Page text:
Vector illustration of orange abstract cinema background with anaglyph glasses, clapperboard and a film reel

The 1980s were a golden age for fantasy. In the wake of Conan the Barbarian and Dragonslayer, Hollywood suddenly couldn’t get enough sword and sorcery. The boom was short-lived, however. By the end of the decade, only the B-movie studios were still making movies where bodybuilders in posing pouches and Playboy Playmates in leather lingerie pretended to be warriors from an age undreamed of.

Most of these movies are of dubious quality. For every classic like The NeverEnding Story or The Princess Bride, there are five films like Red Sonja or Outlaw of Gor. And yet, among the dross, there are some low-budget fantasy films that are not entirely without merit.


5. Barbarian Queen

barbarian queen movie poster

Many a fantasy film opens with a village being destroyed. Inevitably, the hero seeks out the blackguards responsible for killing their loved ones, enslaving their people, and kidnapping their betrothed. Barbarian Queen is one of the rare instances where the hero in question is a woman.

Despite being the kind of movie where all the female leads are forcibly stripped at some point, Barbarian Queen manages to be a feminist film. There is fan service, but none of the leads are made to seem weak. The tone is set early on by the warrior woman Tiniara, who kills her would-be rapist and takes his stuff. What truly makes this movie work, however, is the commanding performance of Lana Clarkson as Amethea, the titular Barbarian Queen.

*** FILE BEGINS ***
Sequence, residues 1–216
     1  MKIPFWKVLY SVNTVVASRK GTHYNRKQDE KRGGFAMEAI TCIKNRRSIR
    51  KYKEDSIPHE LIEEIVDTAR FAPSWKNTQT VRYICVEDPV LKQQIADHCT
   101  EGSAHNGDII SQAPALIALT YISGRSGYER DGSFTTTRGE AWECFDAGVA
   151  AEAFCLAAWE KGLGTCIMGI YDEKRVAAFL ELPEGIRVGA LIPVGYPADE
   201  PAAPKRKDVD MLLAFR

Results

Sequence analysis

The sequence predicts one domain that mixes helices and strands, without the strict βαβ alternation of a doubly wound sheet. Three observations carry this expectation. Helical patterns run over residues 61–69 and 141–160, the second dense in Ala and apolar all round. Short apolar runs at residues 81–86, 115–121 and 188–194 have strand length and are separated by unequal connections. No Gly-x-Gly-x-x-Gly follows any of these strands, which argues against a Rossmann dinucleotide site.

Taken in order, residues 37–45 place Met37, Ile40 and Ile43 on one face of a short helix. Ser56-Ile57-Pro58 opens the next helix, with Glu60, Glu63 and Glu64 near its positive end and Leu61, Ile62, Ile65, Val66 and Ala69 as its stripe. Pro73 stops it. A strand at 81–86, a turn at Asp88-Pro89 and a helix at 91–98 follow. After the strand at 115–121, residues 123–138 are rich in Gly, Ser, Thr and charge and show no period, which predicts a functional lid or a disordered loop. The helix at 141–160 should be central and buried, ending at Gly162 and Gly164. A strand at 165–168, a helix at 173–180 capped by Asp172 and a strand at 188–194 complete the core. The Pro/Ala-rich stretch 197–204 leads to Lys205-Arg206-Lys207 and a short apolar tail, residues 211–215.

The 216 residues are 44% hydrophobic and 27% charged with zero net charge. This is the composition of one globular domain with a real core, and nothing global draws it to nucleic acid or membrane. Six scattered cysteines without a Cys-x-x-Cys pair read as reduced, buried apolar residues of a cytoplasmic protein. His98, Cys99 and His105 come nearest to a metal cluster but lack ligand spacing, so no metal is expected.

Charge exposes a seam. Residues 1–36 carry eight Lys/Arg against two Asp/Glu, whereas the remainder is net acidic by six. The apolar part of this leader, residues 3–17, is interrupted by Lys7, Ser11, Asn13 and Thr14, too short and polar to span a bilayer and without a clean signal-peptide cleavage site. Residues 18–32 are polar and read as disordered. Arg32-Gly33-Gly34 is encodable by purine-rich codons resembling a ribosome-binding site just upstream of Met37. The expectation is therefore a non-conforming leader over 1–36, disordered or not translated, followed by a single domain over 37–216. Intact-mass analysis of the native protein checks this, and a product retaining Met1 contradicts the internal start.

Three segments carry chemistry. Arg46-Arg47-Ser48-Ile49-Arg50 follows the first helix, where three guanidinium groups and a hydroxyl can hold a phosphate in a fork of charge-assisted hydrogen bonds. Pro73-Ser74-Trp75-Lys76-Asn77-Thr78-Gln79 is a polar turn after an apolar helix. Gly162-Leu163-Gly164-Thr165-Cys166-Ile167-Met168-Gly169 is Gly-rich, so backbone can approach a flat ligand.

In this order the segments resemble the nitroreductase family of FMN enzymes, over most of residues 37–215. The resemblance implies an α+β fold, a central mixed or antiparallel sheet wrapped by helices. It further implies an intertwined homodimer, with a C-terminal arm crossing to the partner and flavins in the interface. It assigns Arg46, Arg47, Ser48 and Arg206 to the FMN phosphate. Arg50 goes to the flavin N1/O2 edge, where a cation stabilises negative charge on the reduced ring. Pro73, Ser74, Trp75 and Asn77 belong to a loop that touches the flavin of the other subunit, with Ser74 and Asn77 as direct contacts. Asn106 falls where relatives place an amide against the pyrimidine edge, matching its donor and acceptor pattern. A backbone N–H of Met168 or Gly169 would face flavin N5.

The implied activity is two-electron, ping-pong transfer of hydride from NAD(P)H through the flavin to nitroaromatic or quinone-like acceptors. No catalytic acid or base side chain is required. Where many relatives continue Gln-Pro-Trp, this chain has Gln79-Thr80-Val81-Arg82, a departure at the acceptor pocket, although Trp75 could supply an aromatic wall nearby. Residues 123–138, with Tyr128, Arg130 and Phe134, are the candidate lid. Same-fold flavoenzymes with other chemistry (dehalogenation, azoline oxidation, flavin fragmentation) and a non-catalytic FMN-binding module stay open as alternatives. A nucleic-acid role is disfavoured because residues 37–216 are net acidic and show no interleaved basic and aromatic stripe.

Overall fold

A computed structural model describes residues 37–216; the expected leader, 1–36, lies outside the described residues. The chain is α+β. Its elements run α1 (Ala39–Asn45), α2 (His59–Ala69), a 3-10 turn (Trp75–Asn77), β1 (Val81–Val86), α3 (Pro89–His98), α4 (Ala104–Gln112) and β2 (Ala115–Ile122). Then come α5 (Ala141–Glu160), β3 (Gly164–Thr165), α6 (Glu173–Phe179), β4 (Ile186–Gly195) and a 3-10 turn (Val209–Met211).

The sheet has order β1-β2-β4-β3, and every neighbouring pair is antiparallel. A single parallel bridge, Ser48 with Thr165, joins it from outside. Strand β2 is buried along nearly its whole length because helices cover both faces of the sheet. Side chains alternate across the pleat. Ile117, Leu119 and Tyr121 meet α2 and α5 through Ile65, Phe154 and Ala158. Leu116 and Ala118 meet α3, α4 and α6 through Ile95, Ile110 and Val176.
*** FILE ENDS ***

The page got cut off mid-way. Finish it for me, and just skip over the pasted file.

Clarkson stole the show as the amazon Kaira in the original Deathstalker and impressed producer Roger Corman enough to finance Barbarian Queen as a vehicle for her. Clarkson knew how to handle a sword and had the sheer charisma to sell lines like “I’ll be no man’s slave and no man’s whore, and if I can’t kill them all, by the gods they’ll know I’ve tried.”  Barbarian Queen is well worth watching for Clarkson’s performance and the twist on the classic formula.


4. She (1984)

She 1984 movie poster

Loosely based on the H. Ridder Haggard novel She, a History of Adventure, the only thing the 1984 movie She has in common with the book is an immortal warrior queen named She. The movie transposes this idea into a post-apocalyptic setting. Despite this, She is a fantasy film, with everyone fighting with swords, axes and magic instead of guns.

The plot finds She being abducted by two brothers, Tom and Dick, who need her to guide them to the land of the Norks to rescue their sister. (Apparently nobody else knows the way to the Nork fortress.) Despite this rough start, She eventually agrees to help the brothers of her own free will, with her right-hand woman Shanda along for the ride.